When American Airlines filed for bankruptcy on Nov. 29, it was the last of the major United States legacy airlines to do so. The announcement was not much of a surprise to industry analysts – in fact, many wondered why it had not happened sooner. American is expected to post annual losses of $1.2 billion when 2011 ends, while Delta and United/Continental both turned profits in the first three quarters of the year.
How Previous Airline Bankruptcies Have Played Out
What effects do airline bankruptcies have on the consumer searching for the cheapest airline tickets? Usually the effects are minimal. In order to stay competitive, even bankrupt airlines have to have decent fares. To the typical FareCompare reader searching for cheap flights, an airline bankruptcy will have little effect on flight options.
Bankruptcies in the airline industry do not carry the heavy stigma that bankruptcy imparts on other sectors. Many airlines that declare bankruptcy continue operating, though sometimes they shed unprofitable routes or cut the number of flights they operate. The following table lists U.S. airline bankruptcies over the last 10 years. The only airline bankruptcy bigger than American’s was United’s bankruptcy in 2006.
|Airline||Date(s) of Bankruptcy Filing|
|US Airways**||2002, 2004|
* denotes airlines that ceased operations and were not absorbed by merger into other airlines
** denotes airlines that were subsequently acquired by other airlines
How American’s Bankruptcy Will Impact Travel
What can frequent fliers expect from American’s bankruptcy? Most changes will be transparent to travelers. In fact, American shareholders are the ones seeing the biggest differences. American Airline stocks hit a high of $40.66 per share in 2007, but on Nov. 30 (the day after American filed for bankruptcy), share price was only $0.26. However, if American cuts routes, the number of frequent flier seats available on planes will drop, too. It could mean greater difficulty using frequent flier miles or it could mean mile inflation, where it will cost more miles to purchase a seat on a given flight.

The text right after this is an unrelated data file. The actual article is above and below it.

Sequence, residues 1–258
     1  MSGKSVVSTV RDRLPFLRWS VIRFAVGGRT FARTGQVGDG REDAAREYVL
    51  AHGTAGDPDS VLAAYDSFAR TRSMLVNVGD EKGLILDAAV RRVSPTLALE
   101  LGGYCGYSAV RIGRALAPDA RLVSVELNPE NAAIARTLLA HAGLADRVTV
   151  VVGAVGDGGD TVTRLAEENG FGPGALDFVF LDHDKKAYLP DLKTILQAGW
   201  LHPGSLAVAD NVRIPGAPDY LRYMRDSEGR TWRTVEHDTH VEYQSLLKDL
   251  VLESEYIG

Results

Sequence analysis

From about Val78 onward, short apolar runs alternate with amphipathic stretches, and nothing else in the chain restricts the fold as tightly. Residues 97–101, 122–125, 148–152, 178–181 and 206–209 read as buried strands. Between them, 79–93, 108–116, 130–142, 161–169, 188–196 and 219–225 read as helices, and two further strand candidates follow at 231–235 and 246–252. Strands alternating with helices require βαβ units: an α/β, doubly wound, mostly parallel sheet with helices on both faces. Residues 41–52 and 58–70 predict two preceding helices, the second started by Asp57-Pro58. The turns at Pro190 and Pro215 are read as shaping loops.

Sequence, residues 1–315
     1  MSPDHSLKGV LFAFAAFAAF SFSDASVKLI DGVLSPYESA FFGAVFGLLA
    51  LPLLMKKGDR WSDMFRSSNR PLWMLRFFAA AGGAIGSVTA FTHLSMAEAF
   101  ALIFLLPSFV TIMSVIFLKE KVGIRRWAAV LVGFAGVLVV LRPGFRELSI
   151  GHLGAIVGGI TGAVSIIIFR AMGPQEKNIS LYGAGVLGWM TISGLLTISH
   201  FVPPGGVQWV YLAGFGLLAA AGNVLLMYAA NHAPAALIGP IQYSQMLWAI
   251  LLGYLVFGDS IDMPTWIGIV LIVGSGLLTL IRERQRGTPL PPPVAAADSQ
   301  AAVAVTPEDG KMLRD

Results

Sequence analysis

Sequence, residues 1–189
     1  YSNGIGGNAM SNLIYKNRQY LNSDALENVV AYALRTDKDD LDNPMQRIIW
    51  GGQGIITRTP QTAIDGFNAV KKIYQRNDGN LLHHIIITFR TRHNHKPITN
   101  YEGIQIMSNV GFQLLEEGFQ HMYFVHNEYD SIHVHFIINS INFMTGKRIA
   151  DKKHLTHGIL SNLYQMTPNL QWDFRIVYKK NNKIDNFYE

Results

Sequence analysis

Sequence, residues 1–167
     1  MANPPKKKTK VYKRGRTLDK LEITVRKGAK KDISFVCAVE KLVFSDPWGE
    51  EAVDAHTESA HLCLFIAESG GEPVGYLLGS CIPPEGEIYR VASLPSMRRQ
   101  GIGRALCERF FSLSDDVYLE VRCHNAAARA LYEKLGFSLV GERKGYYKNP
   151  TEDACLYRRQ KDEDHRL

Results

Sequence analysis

A 2003 study by the Massachusetts Institute of Technology (MIT) found that airline bankruptcies affect medium-sized airports more than large and small airports. In the quarter in which an airline files for bankruptcy, service by the affected airline drops by about 46 percent at medium-sized airports. At small airports, a service drop averaging around 24 percent is usually offset quickly by increases in service by competitors. Bankruptcies do not statistically affect operations at large airports significantly more than typical quarter-to-quarter variations.
So far, airline bankruptcies have not affected frequent flier miles. Even when airlines stop operations, arrangements have been made to allow frequent fliers to transfer their miles to other airlines. While bankruptcies may result in more difficulty booking frequent flier trips due to a lower number of overall seats available, the effects have so far not been statistically significant.